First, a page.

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Operations and Planning

Reopening Plans

Following the initial shift to virtual programs and offerings, libraries have begun the uncertain process of planning for re-opening. With fluctuating timelines and varying guidance from state and local government, many libraries have begun drafting phased reopening plans.

These libraries include:

  • Hood River County Library District (pop. 24,735) in Oregon developed a three-phase reopening strategy that includes a staged opening of the building, distribution of materials from the parking lot to the lobby and quarantine of returned materials.
  • Vernon Area Public Library District (pop. 41,055) in Illinois developed a three-level approach to opening, from temporary closure to precautionary health measures. Their plan outlines communication to the public and staff about these changes.
  • John Thill of Meridian Library District (pop. 105,940) in Idaho has outlined different phased reopening strategies for distancing circumstances, including a stay-at-home order, limits to gatherings of 10 and 50 and no limitations.
  • Jackson County Library Services (pop. 210,975) in Oregon has released their six-stage reopening plan to the public, which includes changes to their physical spaces and limitations on the number of individuals allowed in each building.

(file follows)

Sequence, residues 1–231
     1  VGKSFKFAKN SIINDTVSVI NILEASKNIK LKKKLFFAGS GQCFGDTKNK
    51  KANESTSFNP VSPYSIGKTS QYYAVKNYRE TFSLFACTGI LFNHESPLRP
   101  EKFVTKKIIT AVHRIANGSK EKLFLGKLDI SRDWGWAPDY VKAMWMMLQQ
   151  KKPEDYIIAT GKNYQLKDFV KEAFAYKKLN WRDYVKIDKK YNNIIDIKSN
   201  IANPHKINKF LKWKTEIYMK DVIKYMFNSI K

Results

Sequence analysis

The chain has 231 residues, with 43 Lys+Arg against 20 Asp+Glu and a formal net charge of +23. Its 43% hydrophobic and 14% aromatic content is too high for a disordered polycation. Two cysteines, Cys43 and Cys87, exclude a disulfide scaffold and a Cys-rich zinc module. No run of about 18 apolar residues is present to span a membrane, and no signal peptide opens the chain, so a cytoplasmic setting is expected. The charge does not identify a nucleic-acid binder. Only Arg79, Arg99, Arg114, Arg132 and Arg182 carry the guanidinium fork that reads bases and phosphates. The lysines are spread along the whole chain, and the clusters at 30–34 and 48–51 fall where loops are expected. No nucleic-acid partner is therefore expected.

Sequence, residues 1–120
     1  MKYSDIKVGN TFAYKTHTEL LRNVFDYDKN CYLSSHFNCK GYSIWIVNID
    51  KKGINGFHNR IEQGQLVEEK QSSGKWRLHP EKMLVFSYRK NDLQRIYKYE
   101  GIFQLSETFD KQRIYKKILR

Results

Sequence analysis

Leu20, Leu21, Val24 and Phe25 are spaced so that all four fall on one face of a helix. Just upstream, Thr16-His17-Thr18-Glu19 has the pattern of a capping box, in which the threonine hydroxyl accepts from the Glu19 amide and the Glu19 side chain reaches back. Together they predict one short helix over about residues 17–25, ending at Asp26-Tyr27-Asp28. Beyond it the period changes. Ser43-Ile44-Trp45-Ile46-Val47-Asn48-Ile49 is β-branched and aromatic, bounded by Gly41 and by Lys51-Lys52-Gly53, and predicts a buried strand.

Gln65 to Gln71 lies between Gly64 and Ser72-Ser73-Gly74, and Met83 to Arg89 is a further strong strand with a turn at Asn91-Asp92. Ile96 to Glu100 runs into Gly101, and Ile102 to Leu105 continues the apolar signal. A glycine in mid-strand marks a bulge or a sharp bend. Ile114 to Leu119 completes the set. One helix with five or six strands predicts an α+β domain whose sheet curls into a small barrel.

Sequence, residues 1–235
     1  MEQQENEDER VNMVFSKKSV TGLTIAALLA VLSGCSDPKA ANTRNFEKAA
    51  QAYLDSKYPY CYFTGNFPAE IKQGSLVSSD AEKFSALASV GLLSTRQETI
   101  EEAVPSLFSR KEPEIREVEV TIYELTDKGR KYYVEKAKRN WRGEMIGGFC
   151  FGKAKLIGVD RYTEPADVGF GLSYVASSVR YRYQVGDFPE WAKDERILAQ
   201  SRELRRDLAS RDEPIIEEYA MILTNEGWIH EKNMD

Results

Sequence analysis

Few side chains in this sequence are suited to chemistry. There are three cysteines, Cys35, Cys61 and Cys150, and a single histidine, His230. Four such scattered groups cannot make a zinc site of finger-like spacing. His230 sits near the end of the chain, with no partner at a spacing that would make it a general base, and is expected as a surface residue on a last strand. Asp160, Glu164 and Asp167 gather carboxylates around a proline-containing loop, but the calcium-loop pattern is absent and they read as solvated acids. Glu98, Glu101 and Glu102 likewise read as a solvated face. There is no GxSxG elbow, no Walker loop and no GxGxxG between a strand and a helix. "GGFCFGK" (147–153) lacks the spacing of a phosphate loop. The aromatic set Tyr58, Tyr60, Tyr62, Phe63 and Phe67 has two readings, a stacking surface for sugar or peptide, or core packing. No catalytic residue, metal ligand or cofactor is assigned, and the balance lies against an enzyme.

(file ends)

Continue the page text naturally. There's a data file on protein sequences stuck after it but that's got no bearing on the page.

• Chattahoochee Valley Libraries (pop. 236,832) in Georgia plan to begin their reopening on May 18, beginning with curbside pick up at their main branch only, with specific distancing and disinfecting measures in place. The system plans on reopening with curbside pick up only at all branches.
  • The Missouri State Library has developed a guideline for reopening that spans four phases that include activities related to staff training/orientation and limited, low-contact services.
  • The Wisconsin Division for Libraries and Technology published a live document that captures their ongoing reopening guidance for libraries. Their model spans five service levels with suggested services and considerations.

Reopening Guidance

Data Fluency

As your library operations have moved virtual, there is an important need for updating any data collection. This ultimately allows you to measure and showcase the value your library is providing to your local community during this crisis. Many state libraries have provided guidance on how to measure virtual program engagement, whether through live programming views or recording views. This guidance provides you a baseline for measuring engagement and impact, but additional data points can support your planning and impact measurement.

The current crisis and evolving operations may present an opportunity to begin conversations around data fluency and data engagement internally.